As Nigerian women marked the 2018 International Women’s Day (IWD) to #PressForProgress, the Network of Reproductive Health Journalists of Nigeria (NRHJN) has identified the pains inflicted by Global Gag Rule (GGR) on women’s reproductive Health as sufficient reason for States to adopt the Violence Against Persons Prohibition (VAPP) Act 2015.
The Network commended the governments of Plateau, Imo, Ekiti, Lagos, Kogi, Anambra as well as FCT for leading in the adopting of the VAPP Law but challenged others to immediately follow suit.
The Reproductive Health Journalists in a statement to commemorate the IWD and signed by its National Secretary, Yinka Shokunbi and President, Roland Ogbonnaya respectively applauded Ogun State for recently joining the four states which hitherto had promulgated laws against all forms of sexual and domestic violence against women and persons in their domains.
According to the Network, “the lukewarm attitude of most of the state governments to issues of sexual and reproductive health and rights of all persons especially women and girls as not too good for the development of their total wellbeing”.
The group of Reproductive Health Journalists noted that violence though knows no gender, however, ” the global recognition points to the fact that women and girls suffer the most particularly, domestic violence and associated emotional trauma.
” Young boys, older citizens and persons with various form of disabilities are also victims of various degrees of Political and social violence in the society”, they observed.
The group also pointed out that the newly reinstated Expanded Global Gag Rule by President Donald Trump is expected to worsen the situation of Nigerian women especially as it concerns family planning, access to reproductive health services such as safe motherhood, maternal healthcare among others.
So far, the states which have domesticated the Act include Anambra, Oyo, Ogun and the FCT while Lagos and Ekiti have each passed laws against Violence Against Women.
Speaking on how the GGR will worsens the reproductive health situations of Nigerian women in the absence of laws protecting their sexual being, Country Director, Ipas, Nigeria, Hauwa Shekarau notes, “More than 22 million women every year—almost all in developing countries—will have an unsafe abortion because they lack access to safe, high-quality abortion care.
“It’s worse in Nigeria where the law criminalises abortion and women’s access to reproductive health services such as family planning contraception is dependent more on donors fund some of which have had their funds cut due to the GGR because of their involvement in providing abortion services in many countries around the world”, noted Shekarau.
Globally, the fact remains, there are 225 million women in developing countries who want to avoid pregnancy but lack access to modern contraception.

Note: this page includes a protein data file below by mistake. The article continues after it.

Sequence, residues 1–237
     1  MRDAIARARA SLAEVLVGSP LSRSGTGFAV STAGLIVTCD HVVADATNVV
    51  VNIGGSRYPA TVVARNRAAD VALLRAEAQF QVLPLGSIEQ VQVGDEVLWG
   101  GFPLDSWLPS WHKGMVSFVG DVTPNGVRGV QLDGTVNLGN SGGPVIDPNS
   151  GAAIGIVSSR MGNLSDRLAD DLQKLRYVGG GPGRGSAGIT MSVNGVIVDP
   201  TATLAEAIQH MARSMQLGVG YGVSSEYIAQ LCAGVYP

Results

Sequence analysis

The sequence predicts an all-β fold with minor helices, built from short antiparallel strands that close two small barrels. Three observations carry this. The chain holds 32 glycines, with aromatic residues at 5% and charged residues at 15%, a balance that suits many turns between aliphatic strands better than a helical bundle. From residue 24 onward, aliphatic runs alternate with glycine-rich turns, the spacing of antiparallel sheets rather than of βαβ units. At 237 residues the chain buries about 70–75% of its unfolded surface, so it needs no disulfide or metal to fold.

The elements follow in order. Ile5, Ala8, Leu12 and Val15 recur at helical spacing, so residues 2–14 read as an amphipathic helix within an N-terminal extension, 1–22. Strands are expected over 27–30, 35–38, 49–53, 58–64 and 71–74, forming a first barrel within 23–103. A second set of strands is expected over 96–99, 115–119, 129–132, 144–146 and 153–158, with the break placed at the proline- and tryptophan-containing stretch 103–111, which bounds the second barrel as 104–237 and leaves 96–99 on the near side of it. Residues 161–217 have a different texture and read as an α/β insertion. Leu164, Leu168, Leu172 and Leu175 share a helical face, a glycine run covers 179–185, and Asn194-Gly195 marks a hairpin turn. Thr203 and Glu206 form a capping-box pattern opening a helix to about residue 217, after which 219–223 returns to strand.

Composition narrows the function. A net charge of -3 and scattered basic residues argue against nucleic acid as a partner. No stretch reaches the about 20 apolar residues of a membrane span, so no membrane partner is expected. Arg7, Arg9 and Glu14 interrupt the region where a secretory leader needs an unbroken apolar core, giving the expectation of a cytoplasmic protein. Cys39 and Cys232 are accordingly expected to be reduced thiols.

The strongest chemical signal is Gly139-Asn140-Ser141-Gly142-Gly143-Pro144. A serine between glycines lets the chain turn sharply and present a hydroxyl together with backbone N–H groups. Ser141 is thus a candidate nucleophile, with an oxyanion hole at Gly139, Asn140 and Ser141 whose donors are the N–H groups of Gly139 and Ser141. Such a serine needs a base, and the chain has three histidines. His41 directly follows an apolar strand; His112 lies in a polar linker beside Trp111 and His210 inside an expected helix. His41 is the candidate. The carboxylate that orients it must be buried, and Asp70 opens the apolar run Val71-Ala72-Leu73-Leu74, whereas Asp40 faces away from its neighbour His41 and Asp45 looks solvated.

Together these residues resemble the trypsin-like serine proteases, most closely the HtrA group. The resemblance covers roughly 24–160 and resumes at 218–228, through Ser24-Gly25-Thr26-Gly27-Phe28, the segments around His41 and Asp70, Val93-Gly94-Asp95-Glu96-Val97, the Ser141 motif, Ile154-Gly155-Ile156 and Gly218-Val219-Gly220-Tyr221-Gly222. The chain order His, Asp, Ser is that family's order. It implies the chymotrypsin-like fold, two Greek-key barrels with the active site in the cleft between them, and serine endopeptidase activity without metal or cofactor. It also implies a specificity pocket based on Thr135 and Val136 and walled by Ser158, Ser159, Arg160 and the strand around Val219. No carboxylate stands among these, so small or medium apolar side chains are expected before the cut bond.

Despite these harrowing figures, President Donald Trump has reinstated and expanded the Global Gag Rule, a harmful U.S. policy that forces countries to choose between receiving U.S. foreign assistance funds and providing comprehensive—often lifesaving—care.
According to Shekarau, “The Global Gag Rule will not only hurt abortion access or access to contraception but other forms of health care as well.
“ In Nigeria today, women get reproductive health care at the same health centre they receive all other care. This expanded Global Gag Rule could hinder and possibly end the work of health-care providers who may be the only source for reproductive health care and a woman’s entry point for receiving a wide range of primary health services”, she aded.
For Ogun State which has one of the large burdens of domestic violence, incidences of reproductive health challenges such as teenage pregnancy, and child sexual abuse, the introduction of VAPP Law in the state, is a welcome development, states NRHJN.
The Violence Against Persons (Prohibition) -VAPP Act 2015 is a law that was borne out of the desire to address the very alarming incidences of gender based violence. The law addresses the gaps in current laws on violence in private and public spaces, addressing old as well as new forms of violence; establishing institutional mechanisms to prohibit violence and a regulatory body for administering the Act’s provisions.
In his opinion, chair of the Association of Advanced Family Planning, Nigeria, (AAFPN), Ejike Oji commended Governor Amosu and Ogun State for “the giant strides”.
He noted that the Law if well enforced will promote the good health of the people of Ogun State especially women and girls who ae often at the receiving end of domestic violence, harmful traditional practices and sexual abuses.
According to the executive director of the Women Advocacy Research and Development Centre, Dr. Abiola Akinyode- Afolabi, “Arguably, the tenets of Violence Against Persons (Prohibition) Act, will indeed bring relief and effective remedies to millions of victims who have suffered in silence without recourse to justice.
Abiola observes that even though several states have similar version of the act passed into law, a total of 23 states is needed to pass the VAPP ACT for it to become a national law in the country.
“The VAPP Act adequately addresses forms of violence against women and girls, which are more often than not, overlooked and condoned by society. The VAPP Act will be of immense benefits to prohibiting female circumcision or genital mutilation, forceful ejection from home and harmful widowhood practices. It also prohibits abandonment of spouse, children and other dependents without sustenance, battery, and harmful traditional practices. It also prohibits economic abuse, forced isolation, and separation from family and friends, substance attack, depriving persons of their liberty, incest, and indecent exposure, among others”, said Akinyode-Afolabi